On December 19, the federal government denied California a waiver to impose vehicle standards more stringent than national standards under a law passed five years ago, Assembly Bill 1493. The gambit is another example of California’s counterproductive energy policy, heavy on government intervention.
California has set climate policy goals to reduce greenhouse gas (GHG) emissions by 80 percent by 2050. The California Global Warming Solutions Act of 2006 (AB 32) mandates reductions in future California GHG to 1990 levels by 2020. The California Air Resources Board (MI, on December 6, set a target at 427 million merric tons by the year 2020-a nearly 30 percent reduction from expected emission levels, AB 1493, even though enacted before AB 32, is considered a major implementation mechanism.
House Speaker Nancy Pelosi told the Environmental Protection Agency on December 21, two days after the waiver denial, that Congress would closely scrutinize its decision to reject California’s request to tighten rules on greenhouse gas emissions.
“The actions of the EPA in denying the California request cannot help but raise serious questions about the support of the Bush administration for state efforts to safeguard the environment and the health of their residents,” Pelosi wrote in a letter to EPA Administrator Stephen L. Johnson.
Consider what state officials like California Air Resource Board (CARB) Deputy Executive Officer Tom Cackette acknowledged about the policy. Cackette was questioned under oath during proceedings in Vermont regardng that state’s desire to adopt regulations identical to California’s. He acknowledged what usually goes unspoken and unreported, namely that the policies will have no impact on the climate.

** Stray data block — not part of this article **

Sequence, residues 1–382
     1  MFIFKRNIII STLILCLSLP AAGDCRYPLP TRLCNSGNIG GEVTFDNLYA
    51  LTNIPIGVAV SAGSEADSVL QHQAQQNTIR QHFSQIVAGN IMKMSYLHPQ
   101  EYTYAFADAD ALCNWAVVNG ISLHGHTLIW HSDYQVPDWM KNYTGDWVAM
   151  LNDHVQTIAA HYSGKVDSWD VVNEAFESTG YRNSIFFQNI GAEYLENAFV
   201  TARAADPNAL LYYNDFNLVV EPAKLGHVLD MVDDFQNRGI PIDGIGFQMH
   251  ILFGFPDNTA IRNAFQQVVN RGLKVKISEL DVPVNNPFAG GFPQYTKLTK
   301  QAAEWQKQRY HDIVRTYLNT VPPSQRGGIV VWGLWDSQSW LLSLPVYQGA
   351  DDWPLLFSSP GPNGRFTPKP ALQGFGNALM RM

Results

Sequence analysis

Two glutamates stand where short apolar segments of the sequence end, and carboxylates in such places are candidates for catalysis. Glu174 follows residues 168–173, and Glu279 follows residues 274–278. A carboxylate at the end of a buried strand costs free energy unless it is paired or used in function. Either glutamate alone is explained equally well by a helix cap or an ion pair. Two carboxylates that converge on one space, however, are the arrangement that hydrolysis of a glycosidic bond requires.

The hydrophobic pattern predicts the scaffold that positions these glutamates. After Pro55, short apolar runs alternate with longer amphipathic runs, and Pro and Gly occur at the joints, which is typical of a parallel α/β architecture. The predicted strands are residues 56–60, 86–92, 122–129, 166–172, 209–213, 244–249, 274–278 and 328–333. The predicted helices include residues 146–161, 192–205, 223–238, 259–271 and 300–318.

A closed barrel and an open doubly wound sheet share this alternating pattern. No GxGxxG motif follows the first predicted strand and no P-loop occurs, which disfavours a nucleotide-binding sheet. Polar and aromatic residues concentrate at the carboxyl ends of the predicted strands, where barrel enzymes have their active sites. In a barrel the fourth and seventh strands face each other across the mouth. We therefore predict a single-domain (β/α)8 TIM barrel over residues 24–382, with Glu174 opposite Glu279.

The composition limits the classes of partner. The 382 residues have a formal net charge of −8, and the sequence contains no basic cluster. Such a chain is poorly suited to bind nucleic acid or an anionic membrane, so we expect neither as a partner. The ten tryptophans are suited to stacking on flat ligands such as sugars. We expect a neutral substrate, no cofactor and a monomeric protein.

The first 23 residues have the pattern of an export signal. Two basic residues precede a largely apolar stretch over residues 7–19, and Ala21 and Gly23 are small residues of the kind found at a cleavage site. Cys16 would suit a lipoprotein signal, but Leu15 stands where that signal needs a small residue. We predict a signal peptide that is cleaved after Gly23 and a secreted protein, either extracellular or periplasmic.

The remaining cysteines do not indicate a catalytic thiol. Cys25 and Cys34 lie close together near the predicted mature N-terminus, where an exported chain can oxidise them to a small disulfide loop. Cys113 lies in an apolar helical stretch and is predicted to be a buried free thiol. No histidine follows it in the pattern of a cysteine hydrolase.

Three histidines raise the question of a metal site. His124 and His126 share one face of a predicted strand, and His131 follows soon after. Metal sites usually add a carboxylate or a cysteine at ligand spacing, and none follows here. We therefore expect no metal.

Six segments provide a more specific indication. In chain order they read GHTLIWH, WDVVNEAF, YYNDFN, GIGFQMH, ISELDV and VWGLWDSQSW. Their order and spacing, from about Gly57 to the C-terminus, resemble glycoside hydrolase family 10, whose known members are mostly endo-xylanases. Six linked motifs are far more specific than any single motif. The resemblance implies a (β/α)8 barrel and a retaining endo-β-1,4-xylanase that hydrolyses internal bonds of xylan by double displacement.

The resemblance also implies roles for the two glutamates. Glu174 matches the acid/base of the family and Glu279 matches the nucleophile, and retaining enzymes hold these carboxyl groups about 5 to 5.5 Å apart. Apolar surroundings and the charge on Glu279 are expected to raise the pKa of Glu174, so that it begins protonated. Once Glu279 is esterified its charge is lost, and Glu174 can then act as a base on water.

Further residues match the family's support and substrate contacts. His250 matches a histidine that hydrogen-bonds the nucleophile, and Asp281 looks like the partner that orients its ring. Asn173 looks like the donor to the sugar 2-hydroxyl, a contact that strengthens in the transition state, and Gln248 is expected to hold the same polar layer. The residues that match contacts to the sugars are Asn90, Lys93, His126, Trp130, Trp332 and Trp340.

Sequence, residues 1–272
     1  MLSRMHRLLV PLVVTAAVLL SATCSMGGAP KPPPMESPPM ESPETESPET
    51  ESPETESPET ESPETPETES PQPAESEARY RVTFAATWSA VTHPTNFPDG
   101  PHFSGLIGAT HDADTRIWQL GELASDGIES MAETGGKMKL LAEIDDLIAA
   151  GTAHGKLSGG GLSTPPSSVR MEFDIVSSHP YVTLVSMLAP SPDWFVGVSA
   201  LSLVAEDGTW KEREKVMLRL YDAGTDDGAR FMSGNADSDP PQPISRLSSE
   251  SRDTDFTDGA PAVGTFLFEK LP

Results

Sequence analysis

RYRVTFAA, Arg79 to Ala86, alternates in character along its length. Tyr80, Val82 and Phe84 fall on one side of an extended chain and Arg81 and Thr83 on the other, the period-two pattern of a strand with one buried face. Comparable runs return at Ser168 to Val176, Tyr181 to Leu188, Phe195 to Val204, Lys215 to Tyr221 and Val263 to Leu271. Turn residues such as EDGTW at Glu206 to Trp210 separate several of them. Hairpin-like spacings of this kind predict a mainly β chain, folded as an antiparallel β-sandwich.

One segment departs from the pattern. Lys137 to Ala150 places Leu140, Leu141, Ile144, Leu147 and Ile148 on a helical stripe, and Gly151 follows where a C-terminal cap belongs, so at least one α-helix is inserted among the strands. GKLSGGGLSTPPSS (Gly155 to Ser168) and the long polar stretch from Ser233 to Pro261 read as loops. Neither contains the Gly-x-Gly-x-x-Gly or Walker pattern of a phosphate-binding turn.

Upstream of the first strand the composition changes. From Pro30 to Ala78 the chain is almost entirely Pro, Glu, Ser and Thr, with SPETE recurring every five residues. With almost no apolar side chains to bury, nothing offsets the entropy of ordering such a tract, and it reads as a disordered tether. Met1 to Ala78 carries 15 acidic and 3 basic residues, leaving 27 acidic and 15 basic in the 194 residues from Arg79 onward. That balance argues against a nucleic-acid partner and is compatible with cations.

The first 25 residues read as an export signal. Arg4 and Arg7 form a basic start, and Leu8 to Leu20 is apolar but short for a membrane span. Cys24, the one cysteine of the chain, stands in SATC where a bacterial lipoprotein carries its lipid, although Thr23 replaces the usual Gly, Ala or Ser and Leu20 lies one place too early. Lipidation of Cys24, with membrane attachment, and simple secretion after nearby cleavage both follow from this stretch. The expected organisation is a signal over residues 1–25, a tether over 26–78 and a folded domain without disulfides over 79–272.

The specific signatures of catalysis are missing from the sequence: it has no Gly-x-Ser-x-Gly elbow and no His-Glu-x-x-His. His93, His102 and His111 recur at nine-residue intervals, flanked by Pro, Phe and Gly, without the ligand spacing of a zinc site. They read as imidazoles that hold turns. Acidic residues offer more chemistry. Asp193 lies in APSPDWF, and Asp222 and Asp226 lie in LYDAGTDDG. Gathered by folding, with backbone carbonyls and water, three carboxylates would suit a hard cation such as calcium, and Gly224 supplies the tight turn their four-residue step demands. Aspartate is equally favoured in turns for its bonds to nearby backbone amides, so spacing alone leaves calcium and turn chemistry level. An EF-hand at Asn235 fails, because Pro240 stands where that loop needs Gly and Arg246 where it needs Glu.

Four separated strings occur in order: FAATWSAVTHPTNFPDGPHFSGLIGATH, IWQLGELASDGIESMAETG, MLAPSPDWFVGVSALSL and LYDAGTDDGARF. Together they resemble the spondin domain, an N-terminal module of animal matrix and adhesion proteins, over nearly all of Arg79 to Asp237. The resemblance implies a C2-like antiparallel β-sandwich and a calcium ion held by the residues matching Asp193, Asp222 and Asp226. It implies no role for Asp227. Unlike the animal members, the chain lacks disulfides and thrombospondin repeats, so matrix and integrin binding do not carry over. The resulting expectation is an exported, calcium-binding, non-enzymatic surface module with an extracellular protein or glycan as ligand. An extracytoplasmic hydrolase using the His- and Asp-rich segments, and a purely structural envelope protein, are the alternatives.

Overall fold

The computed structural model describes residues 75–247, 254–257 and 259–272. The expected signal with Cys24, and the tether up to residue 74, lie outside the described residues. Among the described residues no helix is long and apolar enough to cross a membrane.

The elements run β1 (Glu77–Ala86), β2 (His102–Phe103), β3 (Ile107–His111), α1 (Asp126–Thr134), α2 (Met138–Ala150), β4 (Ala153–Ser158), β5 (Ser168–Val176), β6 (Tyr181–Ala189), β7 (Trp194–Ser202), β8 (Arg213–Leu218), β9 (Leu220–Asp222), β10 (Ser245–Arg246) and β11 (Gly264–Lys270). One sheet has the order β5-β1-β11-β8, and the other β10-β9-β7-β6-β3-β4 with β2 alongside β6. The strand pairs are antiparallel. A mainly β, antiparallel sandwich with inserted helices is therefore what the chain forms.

Q. “You’re not aware, as you sit here today, of any calculation that would suggest that it would be large enough to measure even if the entire country adopted AB 1493, correct?”
A: “I’m not aware of any studies.”
Q: “And you’re not aware of any studies that suggest that even if the entire world adopted AB 1493 that you’d achieve a reduction in ambient temperature that would be large enough to measure, correct?”
A “I’m not aware of any studies, yes”
Policies that address our energy and environmental needs are important, but lawmakers and regulators should not be in the business of selecting some technologies and excluding others, nor moving so fast that better technologies are shut out, simply by timing. Worse are mandates that provide little benefit, but at high costs. The Electric Power Research Institute has estimated the impact of AB 32, the umbrella legislation, using advanced, widely accepted economic models. There will be significant costs in the state, increasing as future GHG emissions ratchet down, and our population and economy grow. Cumulative real costs to the California economy could be as much as $511 billion through 2050 if the goals are actually met.
The average cost of this policy (over 40 years) would be approximately $32,000 to every California household. The long-term cost would be the equivalent of nearly two thirds of one year’s median income to every household in California. The costs to low income and minority communities in California would be even more severe. The price increases would be regressive in that poorer households would bear a larger burden relative to their income than would wealthier households.
Government intervention is especially troublesome when the free market is making significant progress on an issue like greenhouse gas emissions, and for little or no particular benefit. The approximately 130 million metric tons to be reduced in California represent less than ‘1/2 of one percent of world carbon dioxide emissions: that certainly won’t make any difference. The specific benefit of increased vehicle standards is even less, and becomes zilch when compared to the new federal standards. And it slows achievement of air quality improvements for smog, by slowing vehicle replacement
The waiver denial, meanwhile, came on the same day President Bush signed the 2007 Energy Bill, which includes updated and more stringent vehicle standards, but four years later than Califonia’s proposal. The waiver request is all but certain to return to court. A parade of lawsuits to obtain permission for more stringent standards will impose significant costs on California consumers and provide little or no meaningful results.